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Motorola ships a U.S. Linux mobile phone

Aug 7, 2007 — by LinuxDevices Staff — from the LinuxDevices Archive
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SAN FRANCISCO — It finally happened. Motorola last month quietly shipped its first Linux-based mobile phone “bound for North America,” it said. Additionally, the world's third-largest handset vendor (Mot was passed up by Samsung this year) is offering new “MotoMAGX” tools to support native Linux apps.

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Motorola was among the first large handset vendors to embrace embedded Linux, and has since sold 9 million Linux-based handsets globally, it claims. To date, no Linux-based Motorola phones have seen widespread distribution in the U.S., however, as far as we know.

That is about to change. The GSM/GPRS edition of the company's RAZR2 V runs Linux (CDMA versions do not), and will ship to U.S. customers — starting with a New York rollout — “very, very soon,” said Christy M. Wyatt, VP of market development. As a quad-band phone, the V8 should work fine on either T-Mobile or AT&T (formerly Cingular) networks, so presumably the phone will be available through one or both of them, although it rests with the carrier(s) themselves to make this announcement.

The RAZR2 V8 is a highly multimedia-oriented phone, with features such as Windows Media Player 11 codec, a USB 2.0 interface supporting “high speed” (480Mbps) file transfers, and a “music touchscreen” on the external display. Additional touted RAZR2 V8 features include:

  • 512MB (420MB available) or 2GB of user storage
  • External display lets users read and reply to text messages
  • Quad-band GSM/GPRS support for worldwide network availability
  • Two-megapixel camera with MPEG4 video capture and 8x zoom
  • Stainless steel frame
  • “Vacuum metal housing, chemically hardened glass, spun metal, and chrome”
  • 2-inch external QVGA (320×240) 262K color external display with “contextual touch interaction”
  • 2.2-inch internal QVGA 262K color display
  • MotoSync OTA synch
  • Optional micro-USB and Bluetooth stereo headsets
  • “Full” HTML browser
  • Claimed “speaker-independent” voice dialing (name or digit)
  • EDGE Class 12
  • Supports Bluetooth imaging, printing, peer-to-peer gaming profiles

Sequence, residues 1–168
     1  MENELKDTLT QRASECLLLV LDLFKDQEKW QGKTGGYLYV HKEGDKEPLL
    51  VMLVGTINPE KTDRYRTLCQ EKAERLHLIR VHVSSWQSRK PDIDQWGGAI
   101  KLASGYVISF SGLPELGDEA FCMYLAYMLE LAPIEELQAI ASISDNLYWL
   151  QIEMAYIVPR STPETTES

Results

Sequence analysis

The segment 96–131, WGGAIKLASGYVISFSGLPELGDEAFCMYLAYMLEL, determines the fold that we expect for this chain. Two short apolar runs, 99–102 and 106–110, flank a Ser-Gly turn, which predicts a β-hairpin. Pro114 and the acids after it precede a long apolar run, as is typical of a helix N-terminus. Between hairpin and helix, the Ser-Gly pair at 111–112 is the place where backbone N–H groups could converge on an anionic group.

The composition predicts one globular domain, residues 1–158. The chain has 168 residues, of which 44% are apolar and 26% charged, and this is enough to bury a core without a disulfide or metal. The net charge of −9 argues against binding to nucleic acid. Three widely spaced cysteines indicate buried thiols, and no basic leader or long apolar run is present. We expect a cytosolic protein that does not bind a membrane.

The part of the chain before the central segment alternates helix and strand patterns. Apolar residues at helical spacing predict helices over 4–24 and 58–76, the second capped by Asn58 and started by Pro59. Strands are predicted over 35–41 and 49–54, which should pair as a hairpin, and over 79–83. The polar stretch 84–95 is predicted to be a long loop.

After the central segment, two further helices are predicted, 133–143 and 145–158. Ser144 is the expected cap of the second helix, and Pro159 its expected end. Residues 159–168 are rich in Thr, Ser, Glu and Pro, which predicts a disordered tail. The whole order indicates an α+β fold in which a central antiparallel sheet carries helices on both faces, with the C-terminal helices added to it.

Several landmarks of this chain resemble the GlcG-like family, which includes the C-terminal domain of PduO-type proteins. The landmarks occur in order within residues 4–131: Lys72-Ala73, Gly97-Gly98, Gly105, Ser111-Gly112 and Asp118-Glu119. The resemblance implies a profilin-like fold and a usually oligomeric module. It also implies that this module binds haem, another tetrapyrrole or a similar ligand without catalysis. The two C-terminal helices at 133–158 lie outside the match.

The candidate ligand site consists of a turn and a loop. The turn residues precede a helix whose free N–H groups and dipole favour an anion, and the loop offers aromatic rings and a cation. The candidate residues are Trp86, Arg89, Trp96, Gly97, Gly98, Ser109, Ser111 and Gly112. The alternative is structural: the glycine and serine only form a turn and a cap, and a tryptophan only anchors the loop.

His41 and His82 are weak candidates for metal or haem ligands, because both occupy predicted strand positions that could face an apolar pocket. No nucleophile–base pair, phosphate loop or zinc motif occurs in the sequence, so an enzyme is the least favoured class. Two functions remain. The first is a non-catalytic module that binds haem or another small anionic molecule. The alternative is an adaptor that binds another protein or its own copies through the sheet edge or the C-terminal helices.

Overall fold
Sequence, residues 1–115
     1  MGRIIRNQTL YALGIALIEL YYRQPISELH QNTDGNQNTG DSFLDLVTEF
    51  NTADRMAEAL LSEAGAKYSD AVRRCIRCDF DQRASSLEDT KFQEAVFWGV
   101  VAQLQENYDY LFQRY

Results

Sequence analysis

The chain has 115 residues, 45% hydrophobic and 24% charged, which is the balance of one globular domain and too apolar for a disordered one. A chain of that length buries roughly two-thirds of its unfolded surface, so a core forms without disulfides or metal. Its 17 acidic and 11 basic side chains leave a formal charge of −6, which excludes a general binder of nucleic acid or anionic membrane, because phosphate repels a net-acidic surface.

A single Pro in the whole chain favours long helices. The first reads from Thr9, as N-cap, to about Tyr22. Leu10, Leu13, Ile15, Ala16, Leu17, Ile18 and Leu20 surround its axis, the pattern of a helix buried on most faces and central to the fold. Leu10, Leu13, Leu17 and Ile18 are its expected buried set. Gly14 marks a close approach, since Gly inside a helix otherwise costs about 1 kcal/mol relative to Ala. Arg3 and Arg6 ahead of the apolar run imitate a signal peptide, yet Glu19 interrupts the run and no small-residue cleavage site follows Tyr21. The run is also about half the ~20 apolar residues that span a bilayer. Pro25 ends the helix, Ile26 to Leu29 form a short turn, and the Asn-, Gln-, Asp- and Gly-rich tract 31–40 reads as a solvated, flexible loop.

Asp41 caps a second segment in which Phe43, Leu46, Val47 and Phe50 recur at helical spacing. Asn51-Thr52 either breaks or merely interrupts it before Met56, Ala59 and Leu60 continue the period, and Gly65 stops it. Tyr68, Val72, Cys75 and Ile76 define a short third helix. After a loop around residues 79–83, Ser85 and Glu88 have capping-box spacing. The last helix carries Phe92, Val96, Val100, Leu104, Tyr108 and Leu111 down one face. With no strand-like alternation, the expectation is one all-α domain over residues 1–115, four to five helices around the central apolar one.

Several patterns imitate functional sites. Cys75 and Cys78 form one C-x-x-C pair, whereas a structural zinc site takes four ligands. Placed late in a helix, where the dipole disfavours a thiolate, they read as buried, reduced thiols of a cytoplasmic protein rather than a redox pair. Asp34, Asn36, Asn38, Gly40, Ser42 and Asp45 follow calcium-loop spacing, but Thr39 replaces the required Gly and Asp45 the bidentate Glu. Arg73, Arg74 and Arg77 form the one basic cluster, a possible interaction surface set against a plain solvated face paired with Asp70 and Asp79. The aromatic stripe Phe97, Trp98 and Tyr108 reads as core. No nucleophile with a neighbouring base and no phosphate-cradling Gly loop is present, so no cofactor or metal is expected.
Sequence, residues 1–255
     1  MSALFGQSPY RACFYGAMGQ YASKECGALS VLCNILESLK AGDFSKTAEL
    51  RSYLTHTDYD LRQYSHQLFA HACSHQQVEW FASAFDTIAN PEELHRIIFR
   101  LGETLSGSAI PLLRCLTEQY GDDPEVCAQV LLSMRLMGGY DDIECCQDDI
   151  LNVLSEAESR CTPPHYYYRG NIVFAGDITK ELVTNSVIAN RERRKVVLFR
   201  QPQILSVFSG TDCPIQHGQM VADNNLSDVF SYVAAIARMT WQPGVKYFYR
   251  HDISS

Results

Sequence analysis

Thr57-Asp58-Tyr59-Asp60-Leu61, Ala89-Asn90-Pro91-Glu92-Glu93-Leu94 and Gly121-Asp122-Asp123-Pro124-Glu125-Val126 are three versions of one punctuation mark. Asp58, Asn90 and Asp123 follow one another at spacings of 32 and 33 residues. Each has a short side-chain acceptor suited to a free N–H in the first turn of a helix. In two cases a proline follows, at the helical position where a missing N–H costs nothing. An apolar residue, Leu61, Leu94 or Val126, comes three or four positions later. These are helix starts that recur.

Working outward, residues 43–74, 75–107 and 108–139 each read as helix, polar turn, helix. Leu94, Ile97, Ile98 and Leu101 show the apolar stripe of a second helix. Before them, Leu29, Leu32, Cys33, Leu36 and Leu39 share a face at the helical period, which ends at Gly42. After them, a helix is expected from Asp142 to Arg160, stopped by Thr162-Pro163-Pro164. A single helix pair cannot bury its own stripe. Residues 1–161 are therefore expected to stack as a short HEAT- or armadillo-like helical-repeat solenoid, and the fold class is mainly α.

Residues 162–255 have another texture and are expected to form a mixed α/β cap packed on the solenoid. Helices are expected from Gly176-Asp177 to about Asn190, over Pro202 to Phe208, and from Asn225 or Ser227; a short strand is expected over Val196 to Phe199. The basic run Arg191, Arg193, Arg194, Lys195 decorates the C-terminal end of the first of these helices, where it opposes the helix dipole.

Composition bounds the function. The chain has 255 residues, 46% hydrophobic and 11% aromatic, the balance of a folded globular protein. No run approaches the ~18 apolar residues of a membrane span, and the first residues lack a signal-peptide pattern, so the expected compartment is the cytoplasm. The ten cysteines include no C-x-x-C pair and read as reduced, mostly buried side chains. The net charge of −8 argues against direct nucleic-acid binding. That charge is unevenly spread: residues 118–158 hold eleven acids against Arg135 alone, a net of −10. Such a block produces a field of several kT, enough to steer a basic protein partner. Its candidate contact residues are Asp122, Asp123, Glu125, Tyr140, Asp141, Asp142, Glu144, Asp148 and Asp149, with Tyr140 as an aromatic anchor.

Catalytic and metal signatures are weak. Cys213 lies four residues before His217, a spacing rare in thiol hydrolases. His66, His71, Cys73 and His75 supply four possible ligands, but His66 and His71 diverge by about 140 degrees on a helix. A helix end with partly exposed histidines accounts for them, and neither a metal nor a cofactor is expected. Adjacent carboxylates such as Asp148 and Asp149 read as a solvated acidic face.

• MMS, WV, SMS3 messaging
  • Class 2, version 2.0 Bluetooth ranging up to 30 feet
  • Claimed 500 minutes talk time, 280 hours standby

New developer tools

Motorola announced today that the RAZR2 V8 is based on a new Linux-based software stack dubbed “MotoMAGX,” and that it plans to aggressively market third-party development tools around the new stack.

The tools comprise a MotoDEV Studio IDE (integrated development environment) based on Eclipse and DSDP (device software development project) software. The IDE is said to support Jave ME (micro edition) development today, with two additional environments to arrive “before year's end:”

  • WebUI (featuring “web technology to enable widgets and Web 2.0 experiences,” Motorola said)
  • Native MotoMAGX Linux applications

In order to kickstart a third-party developer ecosystem around MotoMAGX, Motorola is hosting a “Developer Day” day-long seminar at LinuxWorld this week in San Francisco. And, it plans additional “Summit” events described as “exclusive, one-day events that offer developers technical expertise, practical advice, guidance, and a sneak peek at the next generation of Motorola devices and technology.”

Alain Mutricy, Senior VP of platform technology at Motorola, stated, “Through the introduction of our MOTOMAGX platform, we are reinforcing our firm commitment to Linux and empowering our developer community to innovate with us in exciting new ways.”

Availability

The RAZR2 V8 and MotoDEV Studio tools are available now. Pricing was not disclosed.


 
This article was originally published on LinuxDevices and has been donated to the open source community by QuinStreet Inc. Please visit LinuxToday.com for up-to-date news and articles about Linux and open source.

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